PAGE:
Moore is thriving on the flower farm ahead of the 2023 NHL Draft

The 2023 Upper Deck NHL Draft will be held June 28-29 at Bridgestone Arena in Nashville. The first round will take place on June 28 (7:00 p.m. ET; ESPN, SN, TVAS) and rounds 2-7 will take place on June 29 (11:00 a.m. ET; NHLN, SN, TVAS). is counting down to the draft with in-depth profiles of top prospects, podcasts and other features. Today, a look at center Oliver Moore with the USA Hockey National Team Development Program Under-18 team. Full draft coverage can be found here Here.

Oliver Moore may be the fastest skater of any candidate for the 2023 Upper Deck NHL Draft.

It’s a part of the game that he’s perfected over time, and NHL scouts have taken notice.

“I think it’s all about going deep and using the right muscles,” Moore said. “You have to use the big muscles to be fast and I think that matters a lot. It’s also a lot about reps, about going to the gym to work on that explosiveness.”

Moore was undeniably explosive, but he also proved to be a hard worker and scorer for the USA Hockey National Team Development Program under-18 team. The 18-year-old center (5’7″, 195 pounds) No. 8 in NHL Central Scouting’s final rankings of North American skaters presented by BioSteel, ranks fourth in the NTDP with 75 points (31 goals, 44 assists) in 61 games this season.

“I was pretty fast from a young age, but I think it’s all about repetition,” Moore said. “My skating coach Katie McDonough (of Cutting Edge Performance Power Skating in Minnesota) was amazing. Without her, I wouldn’t be the figure skater I am. I’ve been working with her since sixth and seventh grade.”

[RELATED: Complete 2023 NHL Draft coverage]

But Moore proved to be far more than just a fast, versatile skater. He’s also learned a valuable lesson this season about how hard work can play a key role in any profession, be it on the ice or on a flower farm.

Moore’s billet family, Lynsey and Rob Taulbee, are the owners of Muddy Acres Flower Farm, located on a 17-acre property in Plymouth, Michigan. Lynsey, Rob and their sons Tyler and Drew each do their part to maintain the farm, which has been in operation since 2017.

Lynsey didn’t ask Moore to do any chores on the farm, knowing he had enough to do with exercise and eating healthy every day. However, she used him as an example for entrepreneurs who wanted to one day build their own farms.

“In addition to tending to the farm, I enjoy teaching other farmers across the country and around the world on social media how to start and build their own farms, and I have always used Oliver as an example in doing so,” said Lynsey. “If that’s what you want, you have to have the guts and determination. I’d always say that Oliver might not want to get up at 6 a.m. to lift weights, but he does what it takes and has done his best beyond that. He has definitely been used as a role model for education on our farm many times.”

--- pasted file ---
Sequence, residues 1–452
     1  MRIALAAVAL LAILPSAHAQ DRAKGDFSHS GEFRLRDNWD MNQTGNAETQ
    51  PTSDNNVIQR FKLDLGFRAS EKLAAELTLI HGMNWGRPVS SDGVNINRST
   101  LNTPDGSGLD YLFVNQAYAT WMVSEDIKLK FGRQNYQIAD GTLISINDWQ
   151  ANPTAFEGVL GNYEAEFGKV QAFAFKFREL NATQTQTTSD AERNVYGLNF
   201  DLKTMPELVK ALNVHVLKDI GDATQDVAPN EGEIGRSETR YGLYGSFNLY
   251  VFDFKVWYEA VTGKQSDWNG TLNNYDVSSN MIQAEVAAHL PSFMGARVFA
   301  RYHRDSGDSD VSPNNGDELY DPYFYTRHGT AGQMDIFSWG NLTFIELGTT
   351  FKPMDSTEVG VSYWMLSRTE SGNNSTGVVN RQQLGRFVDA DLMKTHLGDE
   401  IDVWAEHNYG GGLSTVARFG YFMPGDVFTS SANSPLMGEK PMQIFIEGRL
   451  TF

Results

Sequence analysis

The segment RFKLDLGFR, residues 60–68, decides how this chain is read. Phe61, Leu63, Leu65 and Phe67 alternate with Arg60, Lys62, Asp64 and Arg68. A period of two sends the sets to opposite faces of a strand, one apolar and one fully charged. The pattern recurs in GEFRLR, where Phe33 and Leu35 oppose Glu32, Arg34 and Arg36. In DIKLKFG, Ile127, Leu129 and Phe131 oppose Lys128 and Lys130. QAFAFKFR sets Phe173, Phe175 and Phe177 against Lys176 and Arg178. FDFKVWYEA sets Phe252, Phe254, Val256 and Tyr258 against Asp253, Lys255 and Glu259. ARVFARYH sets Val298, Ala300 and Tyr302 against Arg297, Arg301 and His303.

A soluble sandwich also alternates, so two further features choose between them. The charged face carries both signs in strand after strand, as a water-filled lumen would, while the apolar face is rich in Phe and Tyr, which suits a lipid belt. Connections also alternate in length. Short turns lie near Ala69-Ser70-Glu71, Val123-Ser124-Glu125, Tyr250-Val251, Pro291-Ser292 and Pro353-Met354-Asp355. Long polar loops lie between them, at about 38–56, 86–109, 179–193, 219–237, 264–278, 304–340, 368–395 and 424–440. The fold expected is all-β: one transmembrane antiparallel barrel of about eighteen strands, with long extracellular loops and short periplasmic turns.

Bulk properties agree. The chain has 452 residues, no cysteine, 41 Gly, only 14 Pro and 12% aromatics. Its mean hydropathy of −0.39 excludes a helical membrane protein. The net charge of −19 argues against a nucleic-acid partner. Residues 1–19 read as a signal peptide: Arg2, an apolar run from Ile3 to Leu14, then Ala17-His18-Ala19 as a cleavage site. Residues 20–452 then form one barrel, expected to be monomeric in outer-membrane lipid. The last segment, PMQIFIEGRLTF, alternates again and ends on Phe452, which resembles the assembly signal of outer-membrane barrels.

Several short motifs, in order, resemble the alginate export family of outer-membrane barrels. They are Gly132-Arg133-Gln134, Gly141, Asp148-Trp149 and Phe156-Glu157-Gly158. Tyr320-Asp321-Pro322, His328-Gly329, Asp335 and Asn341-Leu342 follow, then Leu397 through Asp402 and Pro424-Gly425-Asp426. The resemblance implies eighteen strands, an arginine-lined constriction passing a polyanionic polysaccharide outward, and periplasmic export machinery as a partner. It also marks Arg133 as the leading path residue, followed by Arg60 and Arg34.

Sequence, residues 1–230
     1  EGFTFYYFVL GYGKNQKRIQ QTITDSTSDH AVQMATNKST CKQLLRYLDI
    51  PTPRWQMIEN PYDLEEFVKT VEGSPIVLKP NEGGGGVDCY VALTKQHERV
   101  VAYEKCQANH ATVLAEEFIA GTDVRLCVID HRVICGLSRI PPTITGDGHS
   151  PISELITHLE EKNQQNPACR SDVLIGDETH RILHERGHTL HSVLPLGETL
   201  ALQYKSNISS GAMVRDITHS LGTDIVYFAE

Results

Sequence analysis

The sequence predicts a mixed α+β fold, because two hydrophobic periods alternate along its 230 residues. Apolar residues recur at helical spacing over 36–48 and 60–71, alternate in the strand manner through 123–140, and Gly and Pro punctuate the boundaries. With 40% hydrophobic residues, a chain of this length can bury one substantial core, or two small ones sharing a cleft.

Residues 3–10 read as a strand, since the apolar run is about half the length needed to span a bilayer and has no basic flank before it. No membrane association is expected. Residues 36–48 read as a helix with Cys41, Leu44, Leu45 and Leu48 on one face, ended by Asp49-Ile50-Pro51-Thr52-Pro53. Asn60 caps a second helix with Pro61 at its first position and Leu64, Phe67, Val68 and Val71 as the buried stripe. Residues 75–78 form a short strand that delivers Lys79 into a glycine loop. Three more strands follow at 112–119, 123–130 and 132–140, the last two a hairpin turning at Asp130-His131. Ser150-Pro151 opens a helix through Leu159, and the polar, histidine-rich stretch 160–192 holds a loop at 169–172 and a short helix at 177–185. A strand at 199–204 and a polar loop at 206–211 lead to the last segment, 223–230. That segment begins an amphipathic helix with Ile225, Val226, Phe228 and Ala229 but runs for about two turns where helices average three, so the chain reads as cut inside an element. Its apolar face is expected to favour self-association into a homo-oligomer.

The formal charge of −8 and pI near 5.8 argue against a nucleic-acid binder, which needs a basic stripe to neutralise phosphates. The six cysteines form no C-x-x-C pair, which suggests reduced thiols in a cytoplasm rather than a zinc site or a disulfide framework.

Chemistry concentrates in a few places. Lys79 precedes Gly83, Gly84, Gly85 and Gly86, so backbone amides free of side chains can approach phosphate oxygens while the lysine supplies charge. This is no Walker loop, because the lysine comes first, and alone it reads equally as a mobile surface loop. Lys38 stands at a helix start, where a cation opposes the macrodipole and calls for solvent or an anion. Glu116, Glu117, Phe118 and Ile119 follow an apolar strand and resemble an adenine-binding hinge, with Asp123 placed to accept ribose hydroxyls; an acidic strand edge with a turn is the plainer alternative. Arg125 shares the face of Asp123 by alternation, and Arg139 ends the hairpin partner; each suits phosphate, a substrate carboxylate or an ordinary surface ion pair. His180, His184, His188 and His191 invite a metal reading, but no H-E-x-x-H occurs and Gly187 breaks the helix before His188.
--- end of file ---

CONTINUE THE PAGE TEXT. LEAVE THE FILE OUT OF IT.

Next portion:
Moore will attend the University of Minnesota in the fall and said he might pursue a career in business, an area he gained a greater appreciation for while living with the Taulbees.

“I was always a city kid and my dad worked hard as a lawyer, but it was a different kind of hard work,” Moore said. “I mean, Lynsey has worked hard on her flower farm and her business, and it’s been really cool to be able to ask her questions about how to run the business and make important business decisions. We talked about it all the time and it was cool to see the community that she was able to build.”

Moore also had a pretty decent setup.

Every morning he had fresh eggs that he collected from a nearby chicken coop. The Taulbees also had a shooting range with a net in one of the barns. Tyler, who is 13, and Drew, 11, are travel hockey players and watched Moore whenever they got the chance.

“I think it was a really good experience for her to see what it takes to be where Oliver is,” Lynsey said. “Having that level of play, that achievement, that level of media attention… that’s a lot. I think we’ve all learned that it’s a lot more than we could ever have imagined.”

“When we’re all enjoying the birthday cake, he didn’t want a piece of it because he didn’t like the feel of the cake on the ice. Seeing this dedication is an eye opener because I don’t know I could go without a piece of cake.

It’s that dedication and his groundbreaking speed that have tipped Moore as an early pick for the first round of the draft.

“His speed is skyrocketing,” said Pat Cullen of Central Scouting. “I think he’s the fastest skater out of all the contenders for this year’s draft, and I don’t know that there are many people who would disagree with that. Speed ​​is one thing, but his work ethic is incredible. That never happens.” A game that you’re a part of where you don’t see that Oliver Moore works extremely hard, and that’s more noticeable in how quickly he does everything.”

Video: NHL Draft: The Best of Oliver Moore

Moore is capable of playing either in the middle or on the wing. He was a multi-athlete at Totino-Grace High School in Minnesota, where he played hockey, soccer and basketball. In his freshman year he chose ice hockey.

“I’m still learning to improve but also feel like I have a great shot and finishing ability,” he said. “I want to be a player who can defend quickly. I’m proud of this area of ​​the game.”

photos: Rena Laverty, NTDP; Taulbee family

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